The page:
Presentation on theme: "JELLYFISH By: Mayra & Allen. Jellyfish are members of the phylum Cnidaria, a structurally simple marine group of both fixed and mobile animals: sea anemones,"— Presentation transcript:
Jellyfish are members of the phylum Cnidaria, a structurally simple marine group of both fixed and mobile animals: sea anemones, sea whips, corals and hydroids are polyps that grow attached to rocks or other hard surfaces; jellyfish and colonial siphonophores like the Portuguese man-of-war are mobile (either actively swimming or subject to winds and currents). Inherent to both types of life history is their radial symmetry (body parts radiating from a central axis). This symmetry allows jellyfish to detect and respond to food or danger from any direction. Instead of a brain, jellyfish possess an elementary nervous system, or nerve net, which consists of receptors capable of detecting light, odor and other stimuli and coordinating appropriate responses. Jellyfish come in a wide variety of sizes, shapes and colors. Most are semi- transparent or glassy and bell-shaped, measuring less than an inch to more than a foot across the bell, although some may reach seven feet in diameter. The tentacles of some jellyfish can reach lengths greater than 100 feet. Regardless of their size or shape, most jellyfish are very fragile, often containing less than 5% solid organic matter.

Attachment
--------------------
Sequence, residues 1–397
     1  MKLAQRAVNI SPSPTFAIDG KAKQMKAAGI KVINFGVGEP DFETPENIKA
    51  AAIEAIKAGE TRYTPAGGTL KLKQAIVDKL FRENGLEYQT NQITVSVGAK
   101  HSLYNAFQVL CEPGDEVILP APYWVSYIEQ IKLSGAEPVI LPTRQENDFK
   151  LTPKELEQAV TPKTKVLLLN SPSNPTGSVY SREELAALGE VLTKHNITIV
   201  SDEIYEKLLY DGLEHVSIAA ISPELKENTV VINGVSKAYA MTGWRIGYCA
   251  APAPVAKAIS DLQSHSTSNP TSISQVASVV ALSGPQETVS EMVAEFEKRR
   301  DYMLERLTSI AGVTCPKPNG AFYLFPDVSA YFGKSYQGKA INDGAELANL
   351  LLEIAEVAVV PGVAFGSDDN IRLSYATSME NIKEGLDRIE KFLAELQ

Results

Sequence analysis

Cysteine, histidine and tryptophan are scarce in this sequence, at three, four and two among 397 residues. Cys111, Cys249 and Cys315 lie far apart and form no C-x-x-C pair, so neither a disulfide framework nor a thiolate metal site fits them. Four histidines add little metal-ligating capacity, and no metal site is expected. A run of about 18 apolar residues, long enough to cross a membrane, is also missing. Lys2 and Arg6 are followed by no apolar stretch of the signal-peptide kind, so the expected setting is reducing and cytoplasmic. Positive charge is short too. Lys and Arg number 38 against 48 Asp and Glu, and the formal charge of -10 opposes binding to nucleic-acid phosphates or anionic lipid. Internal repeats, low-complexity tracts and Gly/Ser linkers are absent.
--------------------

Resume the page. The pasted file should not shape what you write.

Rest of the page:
Jellyfish are carnivorous, feeding mostly on a variety of zooplankton, comb jellies and occasionally other jellyfish. Larger species, however, are capable of capturing and devouring large crustaceans and other marine organisms. They are passive drifters that feed on passing small fish and zooplankton that become caught in their tentacles. Although primarily drifters, jellyfish are predators. They are able to stun and kill their prey with stinging cells called nematocysts.
Many jellyfish live in oceans around the world and are capable of withstanding a large flux of temperature and salinities but are most commonly found in warm, shallow coastal waters. However, some live in depths of over 12,000 feet. Jellyfish live in oceans and seas of all around the world, in shallow or deep waters and in some rivers and lakes too.
Jellyfish fact: Jellyfish has been around for more than 650 million years which means that they outdate the dinosaurs and the sharks. Jellyfish fact: Different species of jellyfish can be found in all the worlds’ ocean. Jellyfish can even be found in freshwater. Jellyfish fact: A species of jellyfish, the Box jellyfish (sea wasp) kills more people than any other marine creature. Jellyfish fact: The worlds largest known jellyfish can reach a diameter of 2.5 m/ 8ft and their tentacles can grow to be half the length of a football field. Jellyfish fact: Jellyfishes uses jet propulsion to make their way through to oceans of the world. Some jellyfish is avid swimmers while other mostly drifts with the currents. Jellyfish fact: Some species of jellyfish contains a lot of protein and is thought to be able to play a large role in ending hunger and malnutrition in poor areas around the world. Jellyfish fact: Jellyfish is able to reproduce both sexually and asexually during different parts of their lifecycles Jellyfish fact: what enables them to survive is their stinging tentacles that protects them from being preyed on.